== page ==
“The media narrative focuses on drama,” Amodei said in a statement provided to Roll Call. “But I’m focused on getting Republicans, independents and like-minded Democrats to the polls to elect fiscally-responsible individuals whose policies make sense and I’ll work with anybody at the county, state and national party level to accomplish that.”
Team Nevada was quietly launched months ago, before the rift with Paul supporters at the Nevada Republican Party caught the attention of the RNC and the Romney campaign.
Major Republican players in Nevada had previously concluded that the state GOP was too weak to adequately fund, build and lead a voter turnout program that could match the state Democratic Party machine, particularly in an election with competitive House, Senate and presidential races that are expected to attract plenty of outside money and boots on the ground. Managing get-out-the-vote activities is a state party’s main function in an election year.
A Republican insider familiar with the planning behind Team Nevada said it became increasingly clear to Republicans who were gearing up to run for election this year that they “wouldn’t have a viable state party to rely on.” That’s when they began to examine how to compensate, both in terms of assembling an operational ground game and offering a path for Republican donors who wanted to help but did not have confidence in the state GOP.
The GOP insider said Nevada Republicans have periodically had to work around a lackluster state party and were prepared by experience to deal with the eventuality. This individual said Nevada Republicans have been forced to think differently than their Democratic counterparts, who run everything through “the machine that Harry Reid built.”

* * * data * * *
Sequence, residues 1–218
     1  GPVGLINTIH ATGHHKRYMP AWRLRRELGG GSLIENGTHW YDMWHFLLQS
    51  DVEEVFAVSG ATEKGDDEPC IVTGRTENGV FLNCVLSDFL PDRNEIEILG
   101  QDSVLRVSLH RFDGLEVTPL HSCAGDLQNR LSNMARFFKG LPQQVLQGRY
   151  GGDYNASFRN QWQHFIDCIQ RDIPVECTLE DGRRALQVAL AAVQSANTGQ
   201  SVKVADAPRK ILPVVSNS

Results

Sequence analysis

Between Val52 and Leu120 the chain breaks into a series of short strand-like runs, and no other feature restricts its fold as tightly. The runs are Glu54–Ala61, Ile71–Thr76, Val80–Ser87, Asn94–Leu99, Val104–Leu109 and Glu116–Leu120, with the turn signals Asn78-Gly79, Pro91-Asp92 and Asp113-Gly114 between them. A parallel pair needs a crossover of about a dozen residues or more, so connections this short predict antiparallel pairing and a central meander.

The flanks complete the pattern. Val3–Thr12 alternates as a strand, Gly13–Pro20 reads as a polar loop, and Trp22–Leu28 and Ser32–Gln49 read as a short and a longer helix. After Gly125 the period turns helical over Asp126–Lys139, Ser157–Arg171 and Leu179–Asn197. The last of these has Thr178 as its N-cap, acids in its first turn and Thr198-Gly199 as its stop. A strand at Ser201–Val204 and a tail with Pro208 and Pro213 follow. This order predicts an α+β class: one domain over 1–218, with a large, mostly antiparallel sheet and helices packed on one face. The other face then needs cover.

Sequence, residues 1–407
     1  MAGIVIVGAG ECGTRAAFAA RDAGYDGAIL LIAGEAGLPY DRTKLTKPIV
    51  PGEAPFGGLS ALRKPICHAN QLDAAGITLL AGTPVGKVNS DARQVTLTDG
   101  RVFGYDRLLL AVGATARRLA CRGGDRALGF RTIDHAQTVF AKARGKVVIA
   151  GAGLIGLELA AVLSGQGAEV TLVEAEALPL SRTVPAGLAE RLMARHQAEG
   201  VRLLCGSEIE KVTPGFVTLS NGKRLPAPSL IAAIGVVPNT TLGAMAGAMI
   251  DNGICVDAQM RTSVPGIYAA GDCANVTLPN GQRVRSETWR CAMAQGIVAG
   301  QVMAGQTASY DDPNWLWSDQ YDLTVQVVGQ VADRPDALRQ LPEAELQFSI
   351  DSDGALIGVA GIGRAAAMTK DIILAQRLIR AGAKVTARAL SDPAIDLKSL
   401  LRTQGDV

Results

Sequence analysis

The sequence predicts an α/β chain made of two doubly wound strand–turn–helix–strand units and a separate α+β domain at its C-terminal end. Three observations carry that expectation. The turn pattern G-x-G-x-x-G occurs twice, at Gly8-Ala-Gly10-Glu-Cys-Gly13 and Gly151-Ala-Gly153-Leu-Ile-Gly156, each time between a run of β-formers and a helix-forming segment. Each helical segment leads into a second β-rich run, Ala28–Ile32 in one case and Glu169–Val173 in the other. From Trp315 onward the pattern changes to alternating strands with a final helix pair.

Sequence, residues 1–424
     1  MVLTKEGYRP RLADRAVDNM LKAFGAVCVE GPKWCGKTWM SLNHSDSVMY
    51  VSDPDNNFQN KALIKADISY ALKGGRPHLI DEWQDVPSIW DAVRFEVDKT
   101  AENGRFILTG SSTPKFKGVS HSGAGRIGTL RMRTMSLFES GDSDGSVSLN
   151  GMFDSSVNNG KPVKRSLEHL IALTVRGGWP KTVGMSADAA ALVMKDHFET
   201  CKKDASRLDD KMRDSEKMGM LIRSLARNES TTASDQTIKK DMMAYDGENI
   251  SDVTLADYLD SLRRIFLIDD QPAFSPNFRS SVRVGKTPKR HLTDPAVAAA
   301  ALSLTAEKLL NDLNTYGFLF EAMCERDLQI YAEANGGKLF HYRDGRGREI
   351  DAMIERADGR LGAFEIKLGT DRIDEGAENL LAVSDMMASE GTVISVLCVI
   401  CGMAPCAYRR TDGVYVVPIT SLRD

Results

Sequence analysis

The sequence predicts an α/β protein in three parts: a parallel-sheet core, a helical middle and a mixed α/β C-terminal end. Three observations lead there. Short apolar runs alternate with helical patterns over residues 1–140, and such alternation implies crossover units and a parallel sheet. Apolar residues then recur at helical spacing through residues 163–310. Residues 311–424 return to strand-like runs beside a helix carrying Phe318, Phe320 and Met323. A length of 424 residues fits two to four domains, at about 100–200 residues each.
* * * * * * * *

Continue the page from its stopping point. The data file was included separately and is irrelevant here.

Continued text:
The Nevada Democratic Party, which built a nationally respected voter turnout operation to help re-elect Reid, the Senate Majority Leader, in 2010, is expected to bring its expertise to bear this fall for President Barack Obama, Heller challenger Rep. Shelley Berkley and the eventual nominee in Heck’s newly drawn 3rd district. Under Reid’s leadership, the state Democratic Party remains well-organized and funded.
Nevada Democratic Party spokesman Zac Petkanas mocked Team Nevada and troubles experienced by the state GOP, saying the issue is one of the big reasons Democrats are expecting to win the marquee races on the Nov. 6 ballot — particularly if the contests are tough down the stretch.
“While Nevada Democrats have spent the last eight years building an organization with a track record of winning tough elections, Nevada Republicans are so disorganized that out-of-state operatives have been forced to parachute in at the last minute to cobble something together,” Petkanas said. “This is the difference between winning and losing campaigns when elections are this close.”
The Romney campaign and the RNC declined to comment for this story.
Vice President Joe Biden waits to conduct a mock swearing-in ceremony with Sen. Brian Schatz, D-Hawaii, in the Capitol's Old Senate Chamber, December 2, 2014. Schatz was sworn in to serve the remainder of his term since he was appointed to the seat after Sen. Daniel Inouye, D-Hawaii, passed away.